Another wanted to know how Windust balanced his need for sanctuary versus his fame, whilst still being a role model for non-binary and trans youths, especially in light of all the media attacks. Share your vulnerability online but understand why you are sharing it publicly, was the answer. Windust wasn’t going to do things that he doesn’t like anymore and is starting on Book Number 2, so far in the book he has not mentioned that he is trans, because he did not want that to be the focus.
How did both Windust and Brough navigate negative comments about being non-binary? The questioner was afraid to come out because they were afraid of the backlash.
Windust: You know yourself best. You can set boundaries on your social media. Also engaging yourself in whatever you like doing and losing yourself in that.
Brough also answered. It was a long answer.
Think about who you’re blessing with this knowledge of you. Being non-binary is such a beautiful and special thing and the people who get to know that about you are really special and really lucky. […] The people who you don’t tell, well they just don’t get to know this wonderful special thing about you and that’s their loss.
I think in terms of negative comments, somebody who doesn’t understand what it means to be genderqueer, or non-binary, or queer in any sense, is probably really boring and probably has a really sad life, probably really stagnant, and don’t know if they’re going to grow. You know, I feel quite bad for people like that. I feel a sense of pride, that I know this thing about the world, I know that there are at least options in existing and seeing the world and that makes me feel really big-headed and special.Jess Brough, Big Headed and Special Cult Member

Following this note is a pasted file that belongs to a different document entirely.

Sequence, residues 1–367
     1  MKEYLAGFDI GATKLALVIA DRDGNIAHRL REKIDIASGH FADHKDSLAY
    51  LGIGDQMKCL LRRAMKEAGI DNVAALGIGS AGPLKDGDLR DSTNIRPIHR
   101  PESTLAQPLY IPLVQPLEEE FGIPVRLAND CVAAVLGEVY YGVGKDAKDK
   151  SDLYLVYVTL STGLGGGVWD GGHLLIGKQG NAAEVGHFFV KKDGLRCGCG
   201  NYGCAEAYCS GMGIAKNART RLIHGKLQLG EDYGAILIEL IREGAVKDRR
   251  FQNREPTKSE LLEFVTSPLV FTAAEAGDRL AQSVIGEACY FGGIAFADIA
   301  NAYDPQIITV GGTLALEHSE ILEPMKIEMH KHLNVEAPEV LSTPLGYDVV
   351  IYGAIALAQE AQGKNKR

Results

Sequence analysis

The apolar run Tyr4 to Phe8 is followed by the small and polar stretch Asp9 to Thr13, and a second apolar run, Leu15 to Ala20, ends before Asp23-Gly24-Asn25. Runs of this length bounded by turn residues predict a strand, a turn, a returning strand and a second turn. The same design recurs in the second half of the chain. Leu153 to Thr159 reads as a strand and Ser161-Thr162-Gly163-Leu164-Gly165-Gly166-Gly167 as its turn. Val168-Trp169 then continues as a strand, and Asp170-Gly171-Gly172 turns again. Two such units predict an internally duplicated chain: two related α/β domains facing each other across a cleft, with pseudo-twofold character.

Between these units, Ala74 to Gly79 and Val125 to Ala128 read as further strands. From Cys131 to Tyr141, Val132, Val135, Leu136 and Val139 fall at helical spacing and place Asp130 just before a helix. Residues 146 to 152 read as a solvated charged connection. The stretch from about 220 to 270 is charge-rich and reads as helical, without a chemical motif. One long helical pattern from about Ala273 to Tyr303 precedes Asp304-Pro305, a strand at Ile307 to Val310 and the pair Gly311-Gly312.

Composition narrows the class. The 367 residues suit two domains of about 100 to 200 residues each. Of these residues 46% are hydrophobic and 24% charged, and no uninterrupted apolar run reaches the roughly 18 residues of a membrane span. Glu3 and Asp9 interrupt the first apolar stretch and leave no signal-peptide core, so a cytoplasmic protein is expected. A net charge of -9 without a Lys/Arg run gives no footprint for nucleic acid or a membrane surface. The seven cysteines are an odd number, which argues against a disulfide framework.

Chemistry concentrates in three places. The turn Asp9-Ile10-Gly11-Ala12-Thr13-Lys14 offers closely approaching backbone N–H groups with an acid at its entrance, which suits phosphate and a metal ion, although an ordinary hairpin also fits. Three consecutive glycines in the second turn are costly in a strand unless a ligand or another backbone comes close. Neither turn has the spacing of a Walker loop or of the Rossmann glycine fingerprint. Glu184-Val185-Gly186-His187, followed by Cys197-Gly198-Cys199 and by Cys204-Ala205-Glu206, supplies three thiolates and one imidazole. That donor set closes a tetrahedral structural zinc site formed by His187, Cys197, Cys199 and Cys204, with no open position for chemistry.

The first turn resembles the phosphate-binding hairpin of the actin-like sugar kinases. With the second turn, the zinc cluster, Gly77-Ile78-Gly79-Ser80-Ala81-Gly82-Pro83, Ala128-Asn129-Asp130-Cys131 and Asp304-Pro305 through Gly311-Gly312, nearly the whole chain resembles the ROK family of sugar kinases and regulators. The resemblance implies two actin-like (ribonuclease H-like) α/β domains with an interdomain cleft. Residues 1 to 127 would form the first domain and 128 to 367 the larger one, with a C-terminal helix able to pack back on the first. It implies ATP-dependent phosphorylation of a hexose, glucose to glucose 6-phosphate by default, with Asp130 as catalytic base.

A ‘boringly binary gay trans man’ wanted to embrace their ‘inner drag queen’ and wanted make-up tips. Do whatever you want, said Windust, and follow people online. Generous advice.
One gets the impression that Windust may have perceived that the zeitgeist is about to change, or is at least hedging his bets, with his talk about not being non-binary forever and excluding mention of his gender identity in his current book. Or perhaps he is bored of it now. As for Brough, her fawning was frankly embarrassing, but typical of the way ‘queer’ women seem to respond to men who pretend they aren’t men.